• Black swan events – unpredictable and unlikely events (making preparation difficult) that have severe and widespread impacts;
  • Butterfly effects – small initial changes in a complex system can cascade in unpredictable and chaotic ways, leading to magnified ultimate effects wholly disproportionate to the initial cause;
  • Phase transitions – gradual change reaching a tipping point threshold where incremental change abruptly gives way to a wholesale transformation or shift to a new state.


Think about the global financial system, with its intricate web of relationships, regulations, and interdependencies. It’s often cited as incomprehensible. Or think about artificial intelligence systems making opaque decisions based on machine learning models even their own designers can’t fully comprehend.

Incomprehensible describes situations or challenges which defy human understanding due to their complexity, ambiguity, or the sheer volume of information involved. There are hard cognitive limits to how much data people can process and comprehend, and computing power and AI haven’t (yet) closed this gap.

Drivers of incomprehensibility include:

  • Excessive intricacy – the complexity of emergent systems made up of intricately interrelated and entangled components and the volumes of information each component produces feels chaotic and prevents holistic analysis;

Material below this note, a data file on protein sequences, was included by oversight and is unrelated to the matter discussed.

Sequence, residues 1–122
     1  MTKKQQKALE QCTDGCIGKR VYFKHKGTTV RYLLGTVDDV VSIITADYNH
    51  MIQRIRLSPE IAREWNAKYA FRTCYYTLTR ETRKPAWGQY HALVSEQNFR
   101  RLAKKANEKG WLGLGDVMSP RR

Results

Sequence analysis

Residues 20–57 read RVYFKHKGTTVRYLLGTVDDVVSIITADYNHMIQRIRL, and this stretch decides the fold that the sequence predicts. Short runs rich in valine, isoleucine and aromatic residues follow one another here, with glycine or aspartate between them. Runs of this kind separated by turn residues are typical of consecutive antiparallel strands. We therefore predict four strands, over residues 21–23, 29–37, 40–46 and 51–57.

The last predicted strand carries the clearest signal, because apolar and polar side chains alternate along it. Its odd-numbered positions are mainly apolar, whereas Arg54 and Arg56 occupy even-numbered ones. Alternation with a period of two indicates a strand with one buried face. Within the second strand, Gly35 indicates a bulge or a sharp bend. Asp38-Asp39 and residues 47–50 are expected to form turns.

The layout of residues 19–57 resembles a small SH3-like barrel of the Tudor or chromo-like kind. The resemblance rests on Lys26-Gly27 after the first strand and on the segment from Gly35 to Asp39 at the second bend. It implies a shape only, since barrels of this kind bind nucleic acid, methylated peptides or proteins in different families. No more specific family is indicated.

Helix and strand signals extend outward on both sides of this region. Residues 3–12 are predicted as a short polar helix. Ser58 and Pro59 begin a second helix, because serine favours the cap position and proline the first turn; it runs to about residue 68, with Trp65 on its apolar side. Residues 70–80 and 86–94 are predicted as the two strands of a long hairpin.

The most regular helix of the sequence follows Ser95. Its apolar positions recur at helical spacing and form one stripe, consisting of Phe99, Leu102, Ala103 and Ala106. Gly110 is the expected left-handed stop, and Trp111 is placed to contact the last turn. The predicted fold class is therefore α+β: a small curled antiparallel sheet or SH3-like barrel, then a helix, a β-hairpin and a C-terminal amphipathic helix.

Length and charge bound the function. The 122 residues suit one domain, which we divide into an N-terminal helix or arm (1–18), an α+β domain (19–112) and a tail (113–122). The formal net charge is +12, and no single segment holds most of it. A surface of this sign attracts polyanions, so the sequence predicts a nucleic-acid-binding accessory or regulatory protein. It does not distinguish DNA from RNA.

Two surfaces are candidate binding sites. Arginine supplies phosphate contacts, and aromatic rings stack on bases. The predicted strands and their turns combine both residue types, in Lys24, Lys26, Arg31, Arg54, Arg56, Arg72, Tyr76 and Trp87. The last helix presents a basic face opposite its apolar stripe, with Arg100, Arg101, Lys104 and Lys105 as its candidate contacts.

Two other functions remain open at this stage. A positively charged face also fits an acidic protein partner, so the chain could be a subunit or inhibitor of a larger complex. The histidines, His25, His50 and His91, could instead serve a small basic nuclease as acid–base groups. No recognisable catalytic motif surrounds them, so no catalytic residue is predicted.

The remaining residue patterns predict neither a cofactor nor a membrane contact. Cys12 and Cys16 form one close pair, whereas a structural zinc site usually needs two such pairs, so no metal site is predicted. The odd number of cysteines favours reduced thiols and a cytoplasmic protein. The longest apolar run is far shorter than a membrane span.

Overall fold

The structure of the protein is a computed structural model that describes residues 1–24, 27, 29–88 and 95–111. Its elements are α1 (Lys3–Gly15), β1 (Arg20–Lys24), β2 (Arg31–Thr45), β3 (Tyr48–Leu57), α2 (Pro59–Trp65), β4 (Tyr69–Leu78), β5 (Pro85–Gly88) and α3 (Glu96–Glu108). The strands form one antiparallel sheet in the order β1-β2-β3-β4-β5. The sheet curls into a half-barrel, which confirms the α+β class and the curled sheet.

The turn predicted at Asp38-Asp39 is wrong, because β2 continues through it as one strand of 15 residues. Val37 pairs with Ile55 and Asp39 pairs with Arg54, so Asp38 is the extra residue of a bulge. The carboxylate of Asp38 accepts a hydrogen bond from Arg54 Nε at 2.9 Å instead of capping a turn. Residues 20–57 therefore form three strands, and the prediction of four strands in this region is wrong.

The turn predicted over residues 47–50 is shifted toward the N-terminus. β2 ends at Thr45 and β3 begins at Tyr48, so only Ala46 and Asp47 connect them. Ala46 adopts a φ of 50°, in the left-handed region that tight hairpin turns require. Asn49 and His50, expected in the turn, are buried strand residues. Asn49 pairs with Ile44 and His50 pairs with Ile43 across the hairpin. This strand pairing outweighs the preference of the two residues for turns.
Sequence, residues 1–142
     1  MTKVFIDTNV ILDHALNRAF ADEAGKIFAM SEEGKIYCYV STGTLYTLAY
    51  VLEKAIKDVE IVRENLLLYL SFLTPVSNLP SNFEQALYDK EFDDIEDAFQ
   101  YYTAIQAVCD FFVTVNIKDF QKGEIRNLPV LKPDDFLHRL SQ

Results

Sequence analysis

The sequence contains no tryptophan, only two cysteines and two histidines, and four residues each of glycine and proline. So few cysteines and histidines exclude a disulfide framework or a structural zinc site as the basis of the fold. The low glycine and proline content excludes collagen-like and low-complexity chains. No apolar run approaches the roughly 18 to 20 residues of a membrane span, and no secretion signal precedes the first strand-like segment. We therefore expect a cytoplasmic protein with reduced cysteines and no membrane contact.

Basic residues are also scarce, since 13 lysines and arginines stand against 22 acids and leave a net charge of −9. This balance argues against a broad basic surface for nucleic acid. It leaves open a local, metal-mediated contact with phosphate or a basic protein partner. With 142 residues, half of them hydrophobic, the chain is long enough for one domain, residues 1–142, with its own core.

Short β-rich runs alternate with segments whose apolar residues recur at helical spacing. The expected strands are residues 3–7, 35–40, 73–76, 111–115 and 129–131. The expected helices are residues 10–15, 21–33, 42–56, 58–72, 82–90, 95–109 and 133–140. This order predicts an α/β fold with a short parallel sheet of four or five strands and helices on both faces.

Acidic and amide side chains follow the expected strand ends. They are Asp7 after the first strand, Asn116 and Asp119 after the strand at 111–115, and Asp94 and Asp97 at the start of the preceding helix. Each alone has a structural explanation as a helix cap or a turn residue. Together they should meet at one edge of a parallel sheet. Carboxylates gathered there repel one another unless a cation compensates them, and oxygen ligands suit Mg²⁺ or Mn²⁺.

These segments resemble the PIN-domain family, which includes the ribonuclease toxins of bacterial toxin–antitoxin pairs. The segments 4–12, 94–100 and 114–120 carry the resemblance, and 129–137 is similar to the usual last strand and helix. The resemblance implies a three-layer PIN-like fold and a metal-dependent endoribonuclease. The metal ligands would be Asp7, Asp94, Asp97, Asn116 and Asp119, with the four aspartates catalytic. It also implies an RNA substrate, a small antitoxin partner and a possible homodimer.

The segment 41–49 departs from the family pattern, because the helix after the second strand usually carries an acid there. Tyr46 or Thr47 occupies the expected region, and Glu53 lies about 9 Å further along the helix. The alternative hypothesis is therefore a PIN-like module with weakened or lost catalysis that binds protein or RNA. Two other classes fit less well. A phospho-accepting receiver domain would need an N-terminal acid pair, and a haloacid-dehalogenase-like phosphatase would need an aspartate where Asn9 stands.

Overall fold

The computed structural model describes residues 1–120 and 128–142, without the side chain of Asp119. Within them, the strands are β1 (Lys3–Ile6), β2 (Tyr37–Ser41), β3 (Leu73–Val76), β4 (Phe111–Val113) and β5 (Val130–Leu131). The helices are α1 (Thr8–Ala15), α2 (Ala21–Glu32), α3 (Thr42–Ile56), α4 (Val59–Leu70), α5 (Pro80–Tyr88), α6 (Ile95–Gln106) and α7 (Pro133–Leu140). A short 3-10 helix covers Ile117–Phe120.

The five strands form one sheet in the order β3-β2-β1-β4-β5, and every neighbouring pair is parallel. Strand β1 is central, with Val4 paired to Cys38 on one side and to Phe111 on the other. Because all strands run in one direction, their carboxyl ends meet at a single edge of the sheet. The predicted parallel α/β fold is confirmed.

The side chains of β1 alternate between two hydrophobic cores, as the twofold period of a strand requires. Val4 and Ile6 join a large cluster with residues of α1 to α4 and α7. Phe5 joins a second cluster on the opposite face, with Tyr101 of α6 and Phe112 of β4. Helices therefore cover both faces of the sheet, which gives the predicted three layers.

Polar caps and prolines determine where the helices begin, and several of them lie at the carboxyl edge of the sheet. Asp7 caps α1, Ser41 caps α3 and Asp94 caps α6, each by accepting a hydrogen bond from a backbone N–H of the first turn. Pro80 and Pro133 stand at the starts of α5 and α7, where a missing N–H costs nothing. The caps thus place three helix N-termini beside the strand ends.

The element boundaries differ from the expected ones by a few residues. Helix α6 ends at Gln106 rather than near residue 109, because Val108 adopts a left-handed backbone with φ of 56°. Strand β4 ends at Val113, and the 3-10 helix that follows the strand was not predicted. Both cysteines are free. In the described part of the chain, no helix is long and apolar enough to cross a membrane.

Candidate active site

• Fragmentation – when knowledge and perspectives become siloed into highly specialised niches, it becomes difficult to piece together a unified picture of the underlying interconnections;
  • Unintended consequences – seemingly sensible interventions can yield unexpected systemic reactions in complex interconnected systems leading to outcomes contrary to the original intent.

The forces of BANI will challenge us, but need not overwhelm us

While BANI paints a turbulent picture, accepting this new reality is the first step to navigating it effectively. Embracing fluidity, nonlinearity and complexity allows us to focus on building resilience through adaptability.

Next week we’ll post part 2 of this article which explores practical steps to cultivate organisational agility in the face of BANI; from creating environments which can learn and adapt, to shifting mindsets and leveraging technology. In the meantime, feel free to share your thoughts in the comments below.

Share this article